Tips on Ways To Purchase and Shop for Authentic Canadian Inuit Art (Eskimo Art) Sculptures



Numerous visitors to Canada will be exposed to Inuit art (Eskimo art) sculptures while touring the nation. These are the magnificent handmade sculptures sculpted from stone by the Inuit artists residing in the northern Arctic regions of Canada. While in a few of the major Canadian cities (Toronto, Vancouver, Montreal, Ottawa, and Quebec City) or other traveler locations popular with worldwide visitors such as Banff, Inuit sculptures will be seen at various retail stores and displayed at some museums. Since Inuit art has actually been getting increasingly more worldwide exposure, people may be seeing this Canadian fine art form at galleries and museums located outside Canada too. As a result, it will be natural for numerous tourists and art collectors to decide that they want to purchase Inuit sculptures as nice mementos for their houses or as very distinct gifts for others. Assuming that the intent is to acquire an genuine piece of Inuit art instead of a inexpensive traveler imitation, the concern occurs on how does one differentiate the real thing from the fakes?

It would be quite frustrating to bring home a piece only to learn later that it isn't really genuine or perhaps made in Canada. If one is lucky enough to be taking a trip in the Canadian Arctic where the Inuit live and make their terrific artwork, then it can be safely assumed that any Inuit art piece purchased from a regional northern store or directly from an Inuit carver would be authentic. One would need to be more cautious in other places in Canada, particularly in traveler locations where all sorts of other Canadian mementos such as t-shirts, hockey jerseys, postcards, key chains, maple syrup, and other Native Canadian arts are offered.

The safest locations to buy Inuit sculptures to make sure credibility are constantly the trustworthy galleries that focus on Canadian Inuit art and Eskimo art. Some of these galleries have ads in the city tour guide found in hotels.

Trusted Inuit art galleries are also noted in Inuit Art Quarterly magazine which is dedicated completely to Inuit art. When one walks into these galleries, one will see that there will be only Inuit art and possibly Native art however none of the other normal traveler souvenirs such as tee shirts or postcards . The Inuit sculpture may be signed by the carver either in English or Inuit syllabics but not all authentic pieces are signed.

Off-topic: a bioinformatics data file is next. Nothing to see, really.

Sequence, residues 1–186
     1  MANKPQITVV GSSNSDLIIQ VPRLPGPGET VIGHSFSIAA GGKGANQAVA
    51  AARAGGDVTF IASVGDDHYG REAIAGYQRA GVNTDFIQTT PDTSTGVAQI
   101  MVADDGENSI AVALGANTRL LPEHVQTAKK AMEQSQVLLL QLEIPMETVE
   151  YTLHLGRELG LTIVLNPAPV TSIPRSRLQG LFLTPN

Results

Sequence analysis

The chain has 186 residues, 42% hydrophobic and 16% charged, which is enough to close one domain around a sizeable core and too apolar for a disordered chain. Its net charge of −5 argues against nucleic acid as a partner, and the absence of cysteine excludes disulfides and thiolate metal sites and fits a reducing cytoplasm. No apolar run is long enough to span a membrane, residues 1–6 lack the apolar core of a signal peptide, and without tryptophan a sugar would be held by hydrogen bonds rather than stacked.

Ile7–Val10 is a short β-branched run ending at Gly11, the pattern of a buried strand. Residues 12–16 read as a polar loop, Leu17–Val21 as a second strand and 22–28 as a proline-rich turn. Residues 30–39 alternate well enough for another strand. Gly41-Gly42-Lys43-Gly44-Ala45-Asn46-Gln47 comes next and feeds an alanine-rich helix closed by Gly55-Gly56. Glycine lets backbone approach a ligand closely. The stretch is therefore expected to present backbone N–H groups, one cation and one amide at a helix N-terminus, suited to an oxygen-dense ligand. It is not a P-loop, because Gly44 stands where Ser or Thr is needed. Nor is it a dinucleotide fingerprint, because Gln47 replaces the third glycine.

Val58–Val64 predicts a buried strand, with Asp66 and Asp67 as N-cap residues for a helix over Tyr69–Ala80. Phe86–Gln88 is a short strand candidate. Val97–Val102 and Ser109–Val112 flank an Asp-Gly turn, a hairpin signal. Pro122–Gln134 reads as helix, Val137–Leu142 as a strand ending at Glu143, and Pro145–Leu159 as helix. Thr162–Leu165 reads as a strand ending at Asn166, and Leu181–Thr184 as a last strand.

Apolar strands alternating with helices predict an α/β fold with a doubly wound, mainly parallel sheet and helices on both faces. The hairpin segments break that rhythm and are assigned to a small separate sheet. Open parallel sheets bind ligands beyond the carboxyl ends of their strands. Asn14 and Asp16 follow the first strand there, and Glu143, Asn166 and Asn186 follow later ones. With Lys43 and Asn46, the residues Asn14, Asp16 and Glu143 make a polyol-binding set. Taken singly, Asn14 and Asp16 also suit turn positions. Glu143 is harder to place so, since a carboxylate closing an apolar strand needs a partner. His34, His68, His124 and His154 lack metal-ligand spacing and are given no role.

Some of these Inuit art galleries also have sites so you might go shopping and purchase genuine Inuit art sculpture from home anywhere in the world. In addition to these street retail specialty galleries, there are now credible online galleries that also specialize in authentic Inuit art.

Some tourist stores do carry genuine Inuit art Kurt Criter Denver as well as the other touristy souvenirs in order to deal with all kinds of travelers. When shopping at these kinds of stores, it is possible to tell apart the real pieces from the recreations. Genuine Inuit sculpture is sculpted from stone and therefore should have some weight or mass to it. Stone is also cold to the touch. A reproduction made of plastic or resin from a mold will be much lighter in weight and will not be cold to the touch. A reproduction will sometimes have a business name on it such as Wolf Originals or Boma and will never ever feature an artist's signature. An genuine Inuit sculpture is a one of a kind piece of art work and absolutely nothing else on the store shelves will look precisely like it. The piece is not authentic if there are duplicates of a certain piece with specific details. If a piece looks too perfect in detail with absolute straight bottoms or sides, it is most likely not real. Obviously, if a piece includes a sticker label showing that is was made in an Asian nation, then it is certainly a phony. There will also be a substantial price distinction in between authentic pieces and the imitations.

Where it becomes more difficult to figure out authenticity are with the recreations that are likewise made from stone. This can be a genuine gray area to those unfamiliar with authentic Inuit art. They do have mass and may even have some type of tag indicating that it was handmade but if there are other pieces on the shelves that look too comparable in detail, they are probably not authentic. If a seller declares that such as piece is authentic, ask to see the main Igloo tag that features it which will know on the artist, area where it was made and the year it was carved. Move on if the Igloo tag is not offered. The genuine pieces with the accompanying official Igloo tags will always be the highest priced and are usually kept in a different ( maybe even locked) rack within the store.


Given that Inuit art has actually been getting more and more global exposure, people might be seeing this Canadian great art type at museums and galleries located outside Canada too. If one is lucky enough to be traveling in the Canadian Arctic where the Inuit live and make their terrific artwork, then it can be securely assumed that any Inuit art piece purchased from a regional northern store or straight from an Inuit carver would be genuine. Trusted Inuit art galleries are also noted in Inuit Art Quarterly magazine which is devoted totally to Inuit art. The Inuit sculpture may be signed by the carver either in English or Inuit syllabics however not all authentic pieces are signed. Some of these Inuit art galleries likewise have websites so you might go shopping and purchase authentic Inuit art sculpture from home anywhere in the world.

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